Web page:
Evidence of clinical utility:An unmet need in molecular diagnostics for patients with cancer

David R. Parkinson, Robert T. McCormack, Susan M. Keating, Steven I. Gutman, Stanley R. Hamilton, Elizabeth A. Mansfield, Margaret A. Piper, Atricia DeVerka, Felix W. Frueh, J. Milburn Jessup, Lisa M. McShane, Sean R. Tunis, Caroline C. Sigman, Gary J. Kelloff

Research output: Contribution to journalArticlepeer-review

Abstract

This article defines and describes best practices for the academic and business community to generate evidence of clinical utility for cancer molecular diagnostic assays. Beyond analytical and clinical validation, successful demonstration of clinical utility involves developing sufficient evidence to demonstrate that a diagnostic test results in an improvement in patient outcomes.This discussionis complementary to theoretical frameworks described in previously published guidance and literature reports by the U.S. Food and Drug Administration, Centers for Disease Control and Prevention, Institute of Medicine, and Center for Medical Technology Policy,among others. These reports are comprehensive and specifically clarify appropriate clinical use, adoption, and payer reimbursement for assaymanufacturers, as well as Clinical Laboratory Improvement Amendments certified laboratories, including those that develop assays (laboratory developed tests). Practical criteria and steps for establishing clinical utility are crucial to subsequent decisions for reimbursement without which high-performing molecular diagnostics will have limited availability to patients with cancer and fail to translate scientific advances into high-quality and cost-effective cancer care.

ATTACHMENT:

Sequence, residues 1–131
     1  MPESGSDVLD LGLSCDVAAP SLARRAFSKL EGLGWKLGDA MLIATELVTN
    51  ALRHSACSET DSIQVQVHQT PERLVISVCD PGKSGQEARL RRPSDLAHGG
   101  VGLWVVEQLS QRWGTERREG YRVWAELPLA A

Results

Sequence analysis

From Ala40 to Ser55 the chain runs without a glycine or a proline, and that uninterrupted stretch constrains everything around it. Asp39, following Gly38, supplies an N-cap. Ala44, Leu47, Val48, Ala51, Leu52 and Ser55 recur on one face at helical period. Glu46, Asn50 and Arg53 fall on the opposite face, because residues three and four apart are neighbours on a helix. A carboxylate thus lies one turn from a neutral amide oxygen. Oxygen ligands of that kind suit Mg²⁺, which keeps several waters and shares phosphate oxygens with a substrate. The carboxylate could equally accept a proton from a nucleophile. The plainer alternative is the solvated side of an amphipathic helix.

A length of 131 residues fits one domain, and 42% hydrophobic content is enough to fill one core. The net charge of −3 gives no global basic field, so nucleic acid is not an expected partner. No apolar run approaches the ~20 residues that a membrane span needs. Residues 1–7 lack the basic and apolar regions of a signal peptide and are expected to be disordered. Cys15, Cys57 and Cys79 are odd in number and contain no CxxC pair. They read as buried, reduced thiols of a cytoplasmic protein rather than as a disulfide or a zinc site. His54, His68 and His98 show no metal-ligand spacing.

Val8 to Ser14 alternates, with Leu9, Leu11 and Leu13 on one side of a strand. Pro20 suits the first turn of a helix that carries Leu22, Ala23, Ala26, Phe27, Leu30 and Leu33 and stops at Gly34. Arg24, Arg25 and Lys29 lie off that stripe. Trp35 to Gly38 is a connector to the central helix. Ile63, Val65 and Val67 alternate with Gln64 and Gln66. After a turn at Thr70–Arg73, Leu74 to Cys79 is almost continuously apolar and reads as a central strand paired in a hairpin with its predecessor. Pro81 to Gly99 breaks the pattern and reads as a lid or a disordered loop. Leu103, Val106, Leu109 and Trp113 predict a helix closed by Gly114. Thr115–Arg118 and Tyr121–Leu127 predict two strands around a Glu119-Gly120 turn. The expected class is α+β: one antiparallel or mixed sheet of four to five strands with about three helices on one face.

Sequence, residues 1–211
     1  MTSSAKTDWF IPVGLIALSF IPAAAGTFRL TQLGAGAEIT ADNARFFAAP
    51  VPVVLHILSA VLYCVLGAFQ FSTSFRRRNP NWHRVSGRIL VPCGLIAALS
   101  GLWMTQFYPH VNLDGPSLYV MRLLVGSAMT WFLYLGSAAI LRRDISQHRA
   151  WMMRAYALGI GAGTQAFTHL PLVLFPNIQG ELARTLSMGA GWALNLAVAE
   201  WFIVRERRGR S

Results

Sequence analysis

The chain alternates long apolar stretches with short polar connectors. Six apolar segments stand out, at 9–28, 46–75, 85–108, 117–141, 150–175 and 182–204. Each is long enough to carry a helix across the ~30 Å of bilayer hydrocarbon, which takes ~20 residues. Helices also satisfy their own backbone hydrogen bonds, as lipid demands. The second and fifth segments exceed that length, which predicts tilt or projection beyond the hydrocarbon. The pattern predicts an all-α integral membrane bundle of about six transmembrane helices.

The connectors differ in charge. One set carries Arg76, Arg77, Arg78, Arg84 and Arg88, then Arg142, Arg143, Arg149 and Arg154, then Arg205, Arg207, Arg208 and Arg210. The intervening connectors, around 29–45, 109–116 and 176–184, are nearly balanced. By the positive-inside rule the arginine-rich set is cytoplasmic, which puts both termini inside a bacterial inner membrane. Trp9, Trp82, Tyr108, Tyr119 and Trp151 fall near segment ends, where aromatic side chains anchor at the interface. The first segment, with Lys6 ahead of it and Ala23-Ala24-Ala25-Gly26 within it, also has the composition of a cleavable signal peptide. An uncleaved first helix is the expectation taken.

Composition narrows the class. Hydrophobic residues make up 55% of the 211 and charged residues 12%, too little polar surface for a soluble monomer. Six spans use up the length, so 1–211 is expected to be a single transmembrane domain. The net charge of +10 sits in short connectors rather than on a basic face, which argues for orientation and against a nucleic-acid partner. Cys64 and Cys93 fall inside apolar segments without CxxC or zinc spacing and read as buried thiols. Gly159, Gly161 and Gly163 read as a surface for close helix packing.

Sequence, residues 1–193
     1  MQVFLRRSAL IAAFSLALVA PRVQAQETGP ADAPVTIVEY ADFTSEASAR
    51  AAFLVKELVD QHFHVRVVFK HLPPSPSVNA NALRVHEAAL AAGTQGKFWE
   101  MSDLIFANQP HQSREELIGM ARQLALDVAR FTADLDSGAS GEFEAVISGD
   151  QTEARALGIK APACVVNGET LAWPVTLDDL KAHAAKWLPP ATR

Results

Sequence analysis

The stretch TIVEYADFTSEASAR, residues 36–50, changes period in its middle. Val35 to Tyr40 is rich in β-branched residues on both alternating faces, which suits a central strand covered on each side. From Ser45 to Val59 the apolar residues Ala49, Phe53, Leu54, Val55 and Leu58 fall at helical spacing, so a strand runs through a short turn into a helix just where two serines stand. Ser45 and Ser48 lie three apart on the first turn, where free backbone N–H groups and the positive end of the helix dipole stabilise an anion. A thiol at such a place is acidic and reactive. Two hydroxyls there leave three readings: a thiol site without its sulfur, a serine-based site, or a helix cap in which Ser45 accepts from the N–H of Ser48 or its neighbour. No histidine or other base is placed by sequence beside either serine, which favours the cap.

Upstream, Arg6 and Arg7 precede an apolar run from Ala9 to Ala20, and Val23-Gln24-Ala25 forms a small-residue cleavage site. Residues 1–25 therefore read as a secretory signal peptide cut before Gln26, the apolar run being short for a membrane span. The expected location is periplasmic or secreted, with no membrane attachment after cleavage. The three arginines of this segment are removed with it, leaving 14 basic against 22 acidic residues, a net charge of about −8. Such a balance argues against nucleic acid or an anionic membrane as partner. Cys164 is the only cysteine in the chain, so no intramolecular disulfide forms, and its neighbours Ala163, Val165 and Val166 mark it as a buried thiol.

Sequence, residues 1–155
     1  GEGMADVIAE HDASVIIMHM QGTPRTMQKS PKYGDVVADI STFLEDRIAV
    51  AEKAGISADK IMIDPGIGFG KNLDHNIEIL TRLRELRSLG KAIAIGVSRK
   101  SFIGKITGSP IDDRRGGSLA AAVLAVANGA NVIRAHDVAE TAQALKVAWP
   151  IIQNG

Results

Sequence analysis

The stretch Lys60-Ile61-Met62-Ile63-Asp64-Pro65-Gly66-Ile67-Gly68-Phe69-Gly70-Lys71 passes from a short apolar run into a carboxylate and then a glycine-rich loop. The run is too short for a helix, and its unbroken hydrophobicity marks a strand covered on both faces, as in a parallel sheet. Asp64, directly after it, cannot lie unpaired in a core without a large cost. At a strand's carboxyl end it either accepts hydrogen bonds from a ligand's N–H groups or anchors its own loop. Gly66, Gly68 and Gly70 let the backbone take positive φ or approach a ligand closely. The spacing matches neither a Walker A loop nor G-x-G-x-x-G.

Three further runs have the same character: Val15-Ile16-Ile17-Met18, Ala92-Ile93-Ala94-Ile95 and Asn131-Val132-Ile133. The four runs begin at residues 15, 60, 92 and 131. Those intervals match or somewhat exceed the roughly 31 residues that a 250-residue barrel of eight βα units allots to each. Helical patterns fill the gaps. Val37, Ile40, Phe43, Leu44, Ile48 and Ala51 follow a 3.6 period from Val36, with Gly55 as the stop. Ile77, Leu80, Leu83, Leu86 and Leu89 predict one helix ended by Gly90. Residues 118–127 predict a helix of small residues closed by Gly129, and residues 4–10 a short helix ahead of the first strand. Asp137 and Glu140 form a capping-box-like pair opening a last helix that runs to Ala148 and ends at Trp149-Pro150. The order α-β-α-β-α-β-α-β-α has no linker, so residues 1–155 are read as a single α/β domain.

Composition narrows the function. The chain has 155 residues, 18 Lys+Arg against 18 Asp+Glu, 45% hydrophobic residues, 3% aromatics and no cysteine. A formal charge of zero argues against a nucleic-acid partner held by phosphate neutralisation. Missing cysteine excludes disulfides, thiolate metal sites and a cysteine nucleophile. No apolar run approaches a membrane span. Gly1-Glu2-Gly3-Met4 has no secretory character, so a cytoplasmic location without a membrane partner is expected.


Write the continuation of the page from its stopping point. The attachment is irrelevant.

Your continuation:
Original languageEnglish (US)
Pages (from-to)1428-1444
Number of pages17
JournalClinical Cancer Research
Volume20
Issue number6
DOIs
StatePublished - 2014

ASJC Scopus subject areas

  • Oncology
  • Cancer Research

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